Cesium expects both quantized-mesh and heightmap terrain data to be available in the industry-standard TMS file structure, with individual tiles available at $SERVER/zoom/x/y.terrain . Normally this is individual tile files on disk in that exact structure, so you would use a standard static file server (ie, literally any HTTP server). However, since storing millions of individual tile files is inefficient, the MBTiles container format was created as a way to store all those individual files as blobs in an SQLite database ( https://github.com/mapbox/mbtiles-spec , https://wiki.openstreetmap.org/wiki/MBTiles ). It was originally meant for use with tile map images, but works exactly the same if you stuff Cesium terrain tiles inside. Serving tile files out of an MBTiles container requires a bit of logic for the server to query and retrieve the tile blobs from the database, but the logic itself is trivial.

What Patrick is saying is that AGI is improving several aspects of Cesium’s terrain-related capabilities. They have a new/updated AGI-hosted terrain dataset, and are continuing to improve the quality and contents of that terrain dataset. They’re also working on adding some much-requested rendering capabilities that relate to how Cesium handles terrain. So, both terrain-related, but independent topics.

Per my comment earlier, there’s not too much documentation out there on self-hosting terrain data, which is one reason why I plan to write some blog posts on the topic. Here’s the most relevant articles I’ve found in my own research:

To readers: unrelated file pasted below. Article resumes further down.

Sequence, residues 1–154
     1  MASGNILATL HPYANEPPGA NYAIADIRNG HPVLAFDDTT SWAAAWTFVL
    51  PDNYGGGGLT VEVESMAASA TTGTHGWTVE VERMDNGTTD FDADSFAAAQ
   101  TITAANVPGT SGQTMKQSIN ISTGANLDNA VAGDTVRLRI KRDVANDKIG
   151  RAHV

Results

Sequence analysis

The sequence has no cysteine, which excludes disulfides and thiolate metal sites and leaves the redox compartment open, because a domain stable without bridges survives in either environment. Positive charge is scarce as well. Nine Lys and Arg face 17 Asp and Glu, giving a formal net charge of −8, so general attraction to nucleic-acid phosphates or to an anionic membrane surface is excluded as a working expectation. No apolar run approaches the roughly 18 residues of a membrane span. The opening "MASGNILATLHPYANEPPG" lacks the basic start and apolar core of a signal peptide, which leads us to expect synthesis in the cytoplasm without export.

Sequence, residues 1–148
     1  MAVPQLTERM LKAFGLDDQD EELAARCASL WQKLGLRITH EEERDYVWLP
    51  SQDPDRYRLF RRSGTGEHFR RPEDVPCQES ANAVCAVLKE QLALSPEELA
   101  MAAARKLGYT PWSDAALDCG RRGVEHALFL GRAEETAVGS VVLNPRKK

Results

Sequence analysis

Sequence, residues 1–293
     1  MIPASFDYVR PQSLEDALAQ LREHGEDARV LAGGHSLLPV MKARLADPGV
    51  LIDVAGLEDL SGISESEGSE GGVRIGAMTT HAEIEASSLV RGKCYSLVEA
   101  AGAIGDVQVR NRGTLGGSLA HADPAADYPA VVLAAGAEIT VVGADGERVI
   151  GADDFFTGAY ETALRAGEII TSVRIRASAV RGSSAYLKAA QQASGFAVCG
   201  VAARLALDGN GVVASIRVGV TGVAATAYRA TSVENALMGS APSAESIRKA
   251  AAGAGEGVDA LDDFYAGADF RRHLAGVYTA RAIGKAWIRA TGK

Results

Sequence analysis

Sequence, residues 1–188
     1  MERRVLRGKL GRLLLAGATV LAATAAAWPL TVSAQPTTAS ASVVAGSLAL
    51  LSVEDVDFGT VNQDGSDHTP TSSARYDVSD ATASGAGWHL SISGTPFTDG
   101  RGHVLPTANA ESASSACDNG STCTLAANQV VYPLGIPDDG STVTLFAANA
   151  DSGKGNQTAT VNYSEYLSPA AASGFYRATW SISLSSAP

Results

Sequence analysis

Thank you so much for taking the time to write this response and discuss these issues in this level of detail. This goes a long way toward addressing the questions and confusion I’ve had related to what is required to host terrain data for Cesium. I will need to spend some time digesting what you’ve written and the content of the links you’ve provided.

There is definitely more involved than I initially realized. I will be very curious and interested to follow your blog posts on the topic when they become available.

I will use this information to continue discussions with my company on the topic (explaining the benefits of using the new Cesium World Terrain that become much more obvious when you see all that is required to host quality terrain data for Cesium that is served efficiently… and also having the discussion related to the possibility of hosting our own data with a better understanding of what’s involved).

Thanks again for the quality information!

Hi Rob & Mark,

On the two separate-but-related terrain topics: we are improving the terrain experience (clamping, resolution, performance, etc.) in Cesium to the point where terrain will be enabled by default with a great experience in terms of performance and capabilities.

Features like polyline clamping and textured polygons on terrain are generally client-side features (meaning open-source CesiumJS), but may benefit from a REST API that can return terrain metadata, e.g., the min/max height along a polyline. Cesium ion (which hosts Cesium World Terrain) will implement these REST APIs to provide the best possible performance. If other terrain data providers want to provide a first-class experience in Cesium, I expect they will implement them as well. We certainty will make the REST APIs public to encourage an interoperable ecosystem. As of now, the textured polygons are all client-side, but I can’t commit to this for all possible features as it could end up being too limiting.

On more thing: in addition to hosting the premade Cesium World Terrain, Cesium ion will also allow users to drag & drop terrain sources to create new terrain tilesets for streaming to CesiumJS, which I imagine will be of interest to folks who want a very simple way to use their own terrain. For example, here’s a video showing a similar process with imagery.




Thank you for the additional information. I am compiling all this in preparation for discussions about how we move forward. The information you and Mark provided is very helpful and will allow us to have much more meaningful conversations.